• Bill Petrie

When it's Time to Say Goodbye

To buy or not to buy - that is the question.

Whether personal or professional, I’ve never been a big fan of goodbyes because it signals the end of something in a final way. Many times, goodbyes aren’t voluntary and are usually made more difficult by an inherent sadness that lingers like a bitter aftertaste of an over-hopped IPA. However, there are times when goodbye is the best outcome.

As any salesperson worth their salt knows, the most difficult part of the sales process is getting a prospect to sign on the dotted line. Of course, prospecting, showing value, and building rapport are also challenging. Still, the final step of closing the deal is the most onerous and arduous of the sales journey – one that is exacerbated when prospects are allowed to delay making a decision.

Take, for instance, something we experienced at brandivate every salesperson can relate. When we launched the company in July of last year, we were fortunate enough to have immediate revenue opportunities – something critical to any startup. Some of these came via our marketing efforts, others through relationships, and still others by way of referral, and, as you might imagine, each potential client excited us.

Throughout the next few weeks, we were able to speak with all of the prospects with predictable results:

  • We closed some who became clients

  • A few just wanted a better understanding of the value we could provide

  • Two were seeking services that we didn’t offer

However, there’s one prospect who we remember the most, simply because it’s the one we spent the most time, energy, and effort on.

Just like any client sales journey, we held an initial meeting to understand what problem the prospect was seeking to solve. Without getting into great detail, this company had a severe marketing problem – mainly because in their over 50 years in business, they’ve never had to do any marketing to support the business. However, with the pandemic, sales had slipped, and they were seeking different avenues to connect with potential clients. Candidly, we were excited because this falls under the “ideal client” category: they had a defined pain point, and we firmly believed we knew how to solve it.

As you might predict, we eagerly put together a proposal that outlined what we would do, a list of clearly defined deliverables, the suggested term of the engagement, and, of course, the cost of the rendered services. That’s when the brakes got tapped.

The prospect requested a meeting to review the proposal, and we gladly accommodated. After our meeting, they seemed eager to move forward until their silence told us otherwise. We reached out, and another meeting was scheduled where we were asked to adjust the proposal for a one-off project so they could “try before they buy.” Since there was no working history with the prospect, we gladly redid the proposal for an agreed-upon project and delivered it to the contact, where it was again met with silence. More phone calls, several meetings, two more proposals, and several months later, the prospect verbally agreed to start in January after the holidays.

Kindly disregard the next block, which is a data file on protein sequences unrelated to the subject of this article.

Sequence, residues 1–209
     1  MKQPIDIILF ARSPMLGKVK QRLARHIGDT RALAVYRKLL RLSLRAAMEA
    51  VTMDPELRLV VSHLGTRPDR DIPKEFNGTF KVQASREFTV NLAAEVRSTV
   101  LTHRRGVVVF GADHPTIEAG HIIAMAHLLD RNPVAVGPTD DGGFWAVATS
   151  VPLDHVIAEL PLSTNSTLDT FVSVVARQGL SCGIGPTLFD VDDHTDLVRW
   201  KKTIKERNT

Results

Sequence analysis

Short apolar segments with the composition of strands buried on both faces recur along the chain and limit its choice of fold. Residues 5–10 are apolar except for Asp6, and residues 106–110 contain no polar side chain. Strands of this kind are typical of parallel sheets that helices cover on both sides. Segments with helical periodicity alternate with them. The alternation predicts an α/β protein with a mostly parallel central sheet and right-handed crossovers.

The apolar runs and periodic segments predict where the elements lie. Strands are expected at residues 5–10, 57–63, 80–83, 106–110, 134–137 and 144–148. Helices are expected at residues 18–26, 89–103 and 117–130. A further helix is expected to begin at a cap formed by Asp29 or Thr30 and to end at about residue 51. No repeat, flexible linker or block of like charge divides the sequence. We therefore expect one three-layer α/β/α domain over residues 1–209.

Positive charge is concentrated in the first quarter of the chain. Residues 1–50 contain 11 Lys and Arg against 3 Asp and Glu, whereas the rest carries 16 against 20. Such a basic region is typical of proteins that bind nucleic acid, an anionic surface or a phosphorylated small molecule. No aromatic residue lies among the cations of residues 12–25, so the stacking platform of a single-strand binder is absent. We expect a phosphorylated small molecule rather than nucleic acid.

When we did reach out in January to finally close the sale, the prospect asked for another meeting as they were unclear of what work we would be doing for them. As mentioned above, a detailed list of defined deliverables was part of each proposal. At that point, we knew it was time to say goodbye to this particular prospect. We politely declined the meeting and expressed that we believed it would be a loss of time – both ours and theirs – to have another meeting. We closed the email by expressing our gratitude for the opportunity and that we would be ready to engage with them when they decide they are ready.

Goodbye never felt so good.

To be clear, the fact that the prospect danced with us for over six months without becoming a client doesn’t make them bad people at all. Perhaps we didn’t communicate our value in a way that made them feel comfortable with the cost of services. It’s possible they merely weren’t in a place to make a decision. It could be they never intended to do business with us, and they were too nice to say no. Regardless of the reason, it was time to move on and say goodbye.

As salespeople and business owners, we have to protect our most precious commodity: time. Every salesperson and business owner has that gut feeling when they know the sale won’t be made, and it’s time to move on from a prospect, but it’s still so frustratingly painful to say goodbye. We want to believe that just one more phone call will work because they told us to check back in two weeks – even when we know that in two weeks, we will be asked to follow up in another two weeks.

There comes the point in every sales journey where the person being sold needs to decide: to buy or not to buy. After every question is answered, every objection refuted, and every concern addressed, a decision has to be made – and if the prospect doesn’t make it, the salesperson must. Regardless of the sales cycle’s length, there has to be an ending, whether driven by the prospect or the salesperson.

Express appreciation for the opportunity, let them know you’re available to answer any questions should they pop up, and say goodbye. No following up, no emails to just “check in,” and no messages to see if anything has changed – if you have built rapport and it was meant to be, they will contact you. By saying goodbye, you respect yourself, the prospect, and the sales process because there has to be an ending.

Goodbyes are still tricky, but many times knowing when to say it is the most powerful sales tool to grow your business.

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